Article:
US budget dilemma

Republicans and Democrats remain positive that a deal to prevent a partial shutdown of the US government is possible.

Republicans and Democrats remain positive that a deal to prevent a partial shutdown of the US government is possible.  Negotiators from both parties and the White House have been mum on what they’re discussing and the sticking points.  Republican leaders say they want $39 billion cut from the budget, Democrats say $38 billion.  Some ideological differences remain, meaning federal workers went home on Friday afternoon not knowing whether they’ll come back to work on Monday. 


The US Congress was supposed to pass the 2011 budget by September 30th of last year.  But election year politics intervened and Congress decided to pass a temporary funding bill and leave the hard work until this year.  Now with the fiscal year almost half over, Democrats and Republicans are finally getting down to figuring out what the spending priorities should be.


The differences:

Democrats and Republicans can’t even agree on what issues they disagree on – are they stuck on how much to cut or what to cut?  Democrats say Republicans need to stop injecting social ideology into fiscal policy and stop being held hostage by the right-wing Tea Party.  On Friday afternoon, Democrat Steny Hoyer said Democrats have made all the compromises and Republicans need to step up, “We’ve moved a long way because we agree we need to cut spending.  We’ve come 70% of the way.”


Republicans say making tough cuts now will prevent passing debt onto future generations.  Earlier on Friday, Speaker of the House John Boehner said, “A bill that fails to include real spending cuts and hurt job growth and signals Washington isn’t serious about dealing with its spending addiction.”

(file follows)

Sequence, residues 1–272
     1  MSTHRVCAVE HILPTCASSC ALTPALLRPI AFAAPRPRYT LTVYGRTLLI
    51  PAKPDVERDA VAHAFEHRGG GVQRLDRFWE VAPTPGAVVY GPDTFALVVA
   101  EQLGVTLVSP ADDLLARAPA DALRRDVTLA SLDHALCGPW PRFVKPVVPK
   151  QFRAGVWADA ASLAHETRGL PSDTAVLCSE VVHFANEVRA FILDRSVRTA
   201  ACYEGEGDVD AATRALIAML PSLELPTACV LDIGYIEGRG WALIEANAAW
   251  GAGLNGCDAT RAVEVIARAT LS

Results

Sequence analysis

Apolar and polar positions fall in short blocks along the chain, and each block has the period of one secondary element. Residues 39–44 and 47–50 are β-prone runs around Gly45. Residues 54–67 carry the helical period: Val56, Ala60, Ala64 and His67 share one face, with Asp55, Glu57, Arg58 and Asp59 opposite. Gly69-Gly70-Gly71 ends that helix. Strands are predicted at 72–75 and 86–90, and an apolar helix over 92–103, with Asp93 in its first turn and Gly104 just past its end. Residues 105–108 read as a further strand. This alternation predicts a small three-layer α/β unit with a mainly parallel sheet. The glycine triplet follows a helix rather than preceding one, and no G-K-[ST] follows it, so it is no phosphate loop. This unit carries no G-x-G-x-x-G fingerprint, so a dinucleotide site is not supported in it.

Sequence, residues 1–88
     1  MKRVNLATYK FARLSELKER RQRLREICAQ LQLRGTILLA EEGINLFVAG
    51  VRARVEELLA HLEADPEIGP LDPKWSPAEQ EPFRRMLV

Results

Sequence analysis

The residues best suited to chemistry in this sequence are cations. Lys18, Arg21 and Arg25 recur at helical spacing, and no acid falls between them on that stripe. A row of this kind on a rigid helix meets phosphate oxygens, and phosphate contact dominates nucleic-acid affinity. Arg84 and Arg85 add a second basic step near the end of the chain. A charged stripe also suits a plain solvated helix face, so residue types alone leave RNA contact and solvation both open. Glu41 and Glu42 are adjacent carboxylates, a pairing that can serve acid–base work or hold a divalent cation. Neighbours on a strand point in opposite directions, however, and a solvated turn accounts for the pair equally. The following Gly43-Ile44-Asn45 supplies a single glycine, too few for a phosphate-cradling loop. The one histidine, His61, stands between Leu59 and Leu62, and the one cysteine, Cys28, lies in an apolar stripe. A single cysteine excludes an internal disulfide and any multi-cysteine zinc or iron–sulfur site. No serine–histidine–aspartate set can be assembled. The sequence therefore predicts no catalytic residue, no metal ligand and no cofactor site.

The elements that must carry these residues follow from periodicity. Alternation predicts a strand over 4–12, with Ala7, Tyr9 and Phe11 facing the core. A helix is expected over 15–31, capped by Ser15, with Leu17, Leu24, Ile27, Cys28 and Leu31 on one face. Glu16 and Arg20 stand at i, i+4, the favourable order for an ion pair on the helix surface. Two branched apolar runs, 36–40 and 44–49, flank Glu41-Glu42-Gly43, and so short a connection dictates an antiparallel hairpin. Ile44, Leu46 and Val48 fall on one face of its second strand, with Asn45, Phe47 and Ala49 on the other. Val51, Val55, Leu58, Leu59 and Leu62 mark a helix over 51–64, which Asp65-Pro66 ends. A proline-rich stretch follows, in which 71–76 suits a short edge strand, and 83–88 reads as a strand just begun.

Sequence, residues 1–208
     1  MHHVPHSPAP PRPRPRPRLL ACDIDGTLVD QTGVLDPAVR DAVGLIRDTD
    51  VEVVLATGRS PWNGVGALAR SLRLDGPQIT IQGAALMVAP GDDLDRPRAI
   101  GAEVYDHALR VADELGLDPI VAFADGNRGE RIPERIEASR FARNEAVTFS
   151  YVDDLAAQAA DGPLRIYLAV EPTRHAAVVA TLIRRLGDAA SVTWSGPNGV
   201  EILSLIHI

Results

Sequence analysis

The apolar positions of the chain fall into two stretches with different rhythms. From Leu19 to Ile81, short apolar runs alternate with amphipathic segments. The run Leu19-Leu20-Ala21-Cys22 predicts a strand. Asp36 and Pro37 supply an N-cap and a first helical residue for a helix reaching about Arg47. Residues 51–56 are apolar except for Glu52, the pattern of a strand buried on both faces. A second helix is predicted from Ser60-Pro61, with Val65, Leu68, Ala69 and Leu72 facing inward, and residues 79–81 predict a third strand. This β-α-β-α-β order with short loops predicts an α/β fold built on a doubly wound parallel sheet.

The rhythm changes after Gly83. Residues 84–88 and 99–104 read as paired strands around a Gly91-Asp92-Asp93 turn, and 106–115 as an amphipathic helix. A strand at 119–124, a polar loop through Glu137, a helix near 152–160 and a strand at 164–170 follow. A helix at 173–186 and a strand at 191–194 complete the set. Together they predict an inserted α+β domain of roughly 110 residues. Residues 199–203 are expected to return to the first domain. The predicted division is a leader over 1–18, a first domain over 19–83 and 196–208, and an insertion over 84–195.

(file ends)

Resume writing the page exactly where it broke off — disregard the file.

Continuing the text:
But with only a few hours left until parts of the government shut down including nonessential government agencies, museums, and NASA, even if a deal is reached Congress will have to scramble to digest the agreement and vote on it without any changes before the 04g Saturday deadline.  An estimated 500,000 visitors to museums and national parks will be turned away this weekend if Congress can’t figure it out. 



If a deal is reached, Congress could pass another temporary spending measure for a few days to debate the agreement.  Or if no deal is reached, Congressional leaders and the White House could scramble all weekend to reach a compromise before an estimated 800,000 federal workers get furloughed on Monday.  Or if the two sides can’t reach an agreement over the weekend and dig in for the long haul, government workers will sit at home and Wall Street will grow jittery over government contracts not being paid.      


While it’s unclear if or how long a shutdown will occur, what is clear is that this will be the norm of debate on contentious issues between Democrats and Republicans for the next year.  Among the difficult issues the two sides have to tackle are the debt ceiling and next year’s budget.  Congress never has very high public approval ratings, but with the prospect of hundreds of thousands of Americans furloughed because 535 elected representatives can’t do their job on time, the American public may consider furloughing some of them, permanently.

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